Most folks know that today, curry is Britain’s favorite dish—probably chicken tikka masala, if you need a specific dish. But Britain has a long history with Indian food and spices—more than 400 years, in fact. The first Queen Elizabeth sent a ship to India in 1583, and within a few decades, the British East India Company was setting up offices in Bombay. Food ideas from the subcontinent were flowing into the British Isles with returning traders and soldiers and government officials. Of course, substitutions had to be made, as tropical ingredients such as coconut milk and mangoes would not be available in England. But spices were coming in, and the Brits did the best they could—as evidenced by the inclusion of a curry in Hannah Glasse’s 1747 cookbook.
I have previously shared videos of often-surprising dishes that date to the 1700s, and so here again, I turn to Townsends, to let them share with you a curry recipe from Hannah Glasse. Enjoy.
Spices for sale in a market in Kerala, India’s “spice state.”
A homonym, also sometimes called a homograph, is a word that is spelled identically to another word but has both a completely different meaning and a different origin. Homonyms generally have separate listings in the dictionary. Good examples include compound, bark, and mail. Another is curry; to curry your horse is completely different from currying your lamb. The first curry comes from the Middle English word currayen, and means to prepare or to clean the coat of a horse. The second one most likely comes from the Tamil word kari, a little lingo British soldiers picked up in Ceylon. (There is some debate on this; a northern Indian gravy called khadi and a cooking dish called a karahi are also contenders, but most scholars, including Alan Davidson, have thrown in with the Tamil word kari as the origin, as has Webster’s Dictionary. Then there are those who think English got the word a few hundred years before the British went to India, pointing out that curry and the French word cuire, to cook, are not entirely dissimilar. I don’t mind bucking trends, but this time, I’m going with the most common scholarship and saying it’s from kari.)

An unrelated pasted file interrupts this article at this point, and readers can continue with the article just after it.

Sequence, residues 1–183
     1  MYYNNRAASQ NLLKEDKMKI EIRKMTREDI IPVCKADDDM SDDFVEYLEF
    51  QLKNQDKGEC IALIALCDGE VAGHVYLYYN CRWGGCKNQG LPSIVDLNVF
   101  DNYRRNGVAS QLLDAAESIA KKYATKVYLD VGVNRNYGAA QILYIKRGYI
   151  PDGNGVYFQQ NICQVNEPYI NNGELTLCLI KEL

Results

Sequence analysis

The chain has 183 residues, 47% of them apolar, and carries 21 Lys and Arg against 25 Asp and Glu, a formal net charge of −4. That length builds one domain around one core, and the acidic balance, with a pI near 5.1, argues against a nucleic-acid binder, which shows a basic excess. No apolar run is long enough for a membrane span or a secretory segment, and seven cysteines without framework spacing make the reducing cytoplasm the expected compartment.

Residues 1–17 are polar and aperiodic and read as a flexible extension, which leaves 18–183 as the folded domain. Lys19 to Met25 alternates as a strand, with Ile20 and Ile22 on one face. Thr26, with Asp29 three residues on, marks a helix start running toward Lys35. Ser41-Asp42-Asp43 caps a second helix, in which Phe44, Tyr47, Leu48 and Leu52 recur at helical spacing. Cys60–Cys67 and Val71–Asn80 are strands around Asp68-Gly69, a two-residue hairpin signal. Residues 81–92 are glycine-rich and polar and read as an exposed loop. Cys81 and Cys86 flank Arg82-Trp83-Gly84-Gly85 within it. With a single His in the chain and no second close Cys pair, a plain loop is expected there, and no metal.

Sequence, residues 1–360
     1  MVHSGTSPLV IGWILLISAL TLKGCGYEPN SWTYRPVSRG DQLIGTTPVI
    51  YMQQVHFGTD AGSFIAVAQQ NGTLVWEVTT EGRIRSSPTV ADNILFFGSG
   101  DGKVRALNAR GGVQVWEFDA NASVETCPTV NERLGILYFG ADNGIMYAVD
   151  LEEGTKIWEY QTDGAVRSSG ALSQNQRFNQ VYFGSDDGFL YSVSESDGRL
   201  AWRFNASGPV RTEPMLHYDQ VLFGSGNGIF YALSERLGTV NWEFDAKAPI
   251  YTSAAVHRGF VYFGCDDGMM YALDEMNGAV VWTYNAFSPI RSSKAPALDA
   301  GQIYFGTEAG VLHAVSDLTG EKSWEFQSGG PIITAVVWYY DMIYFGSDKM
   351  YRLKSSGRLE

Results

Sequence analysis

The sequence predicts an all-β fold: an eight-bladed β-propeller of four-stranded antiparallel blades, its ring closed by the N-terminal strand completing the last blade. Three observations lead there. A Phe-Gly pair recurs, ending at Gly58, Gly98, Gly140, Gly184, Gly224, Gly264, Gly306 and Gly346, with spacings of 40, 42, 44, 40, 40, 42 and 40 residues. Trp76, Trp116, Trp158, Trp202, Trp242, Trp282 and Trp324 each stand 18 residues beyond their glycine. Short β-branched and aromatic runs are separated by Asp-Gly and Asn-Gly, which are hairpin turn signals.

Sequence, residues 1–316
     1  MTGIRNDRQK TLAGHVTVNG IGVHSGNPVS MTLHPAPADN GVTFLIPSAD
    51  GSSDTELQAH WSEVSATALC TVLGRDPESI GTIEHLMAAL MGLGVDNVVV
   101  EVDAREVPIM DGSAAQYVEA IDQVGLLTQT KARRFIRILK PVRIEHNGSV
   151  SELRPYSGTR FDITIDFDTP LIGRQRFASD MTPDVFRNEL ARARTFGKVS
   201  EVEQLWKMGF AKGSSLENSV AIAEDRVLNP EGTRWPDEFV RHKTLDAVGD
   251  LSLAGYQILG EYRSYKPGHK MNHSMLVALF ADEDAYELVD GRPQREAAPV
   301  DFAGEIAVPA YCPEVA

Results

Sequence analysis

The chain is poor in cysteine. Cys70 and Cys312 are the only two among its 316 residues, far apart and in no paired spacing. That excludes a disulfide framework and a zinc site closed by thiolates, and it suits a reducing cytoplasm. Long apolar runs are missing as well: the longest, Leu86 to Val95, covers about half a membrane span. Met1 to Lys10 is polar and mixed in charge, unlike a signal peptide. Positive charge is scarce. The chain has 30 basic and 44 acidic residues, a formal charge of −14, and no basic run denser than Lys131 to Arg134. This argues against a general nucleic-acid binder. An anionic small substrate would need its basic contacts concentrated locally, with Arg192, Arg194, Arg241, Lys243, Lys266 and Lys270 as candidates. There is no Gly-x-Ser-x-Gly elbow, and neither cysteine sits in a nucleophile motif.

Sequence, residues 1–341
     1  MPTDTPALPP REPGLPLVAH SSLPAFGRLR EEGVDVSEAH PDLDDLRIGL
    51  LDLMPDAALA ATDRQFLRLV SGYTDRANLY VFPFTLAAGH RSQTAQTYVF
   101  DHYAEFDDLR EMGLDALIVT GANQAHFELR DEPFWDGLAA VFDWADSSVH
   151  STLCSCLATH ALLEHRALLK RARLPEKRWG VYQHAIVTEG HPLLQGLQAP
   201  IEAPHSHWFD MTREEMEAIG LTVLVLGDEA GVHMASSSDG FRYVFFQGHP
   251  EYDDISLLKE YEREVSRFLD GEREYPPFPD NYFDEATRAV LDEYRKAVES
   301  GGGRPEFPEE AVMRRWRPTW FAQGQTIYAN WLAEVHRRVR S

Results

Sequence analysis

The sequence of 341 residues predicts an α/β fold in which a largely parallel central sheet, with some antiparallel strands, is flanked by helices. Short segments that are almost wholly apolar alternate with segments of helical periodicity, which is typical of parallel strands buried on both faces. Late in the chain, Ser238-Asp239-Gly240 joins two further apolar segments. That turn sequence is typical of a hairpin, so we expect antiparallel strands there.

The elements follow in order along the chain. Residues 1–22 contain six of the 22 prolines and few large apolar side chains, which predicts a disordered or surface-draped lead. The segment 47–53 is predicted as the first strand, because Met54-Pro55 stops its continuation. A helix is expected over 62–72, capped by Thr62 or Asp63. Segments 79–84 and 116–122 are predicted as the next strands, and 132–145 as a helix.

So what is curry? The Tamil word kari means “sauce” or “gravy.” This is what the word curry means in India today: sauce or gravy. While it is possible to encounter flavors in Indian food that correspond to the taste often associated in the West with the word “curry,” Indian curry can also be a rich, buttery tomato sauce; a thick, oniony brown sauce; a savory yogurt sauce; a smooth, flavorful spinach gravy; or an elegant, cream-based sauce with raisins and almonds. Continue reading →
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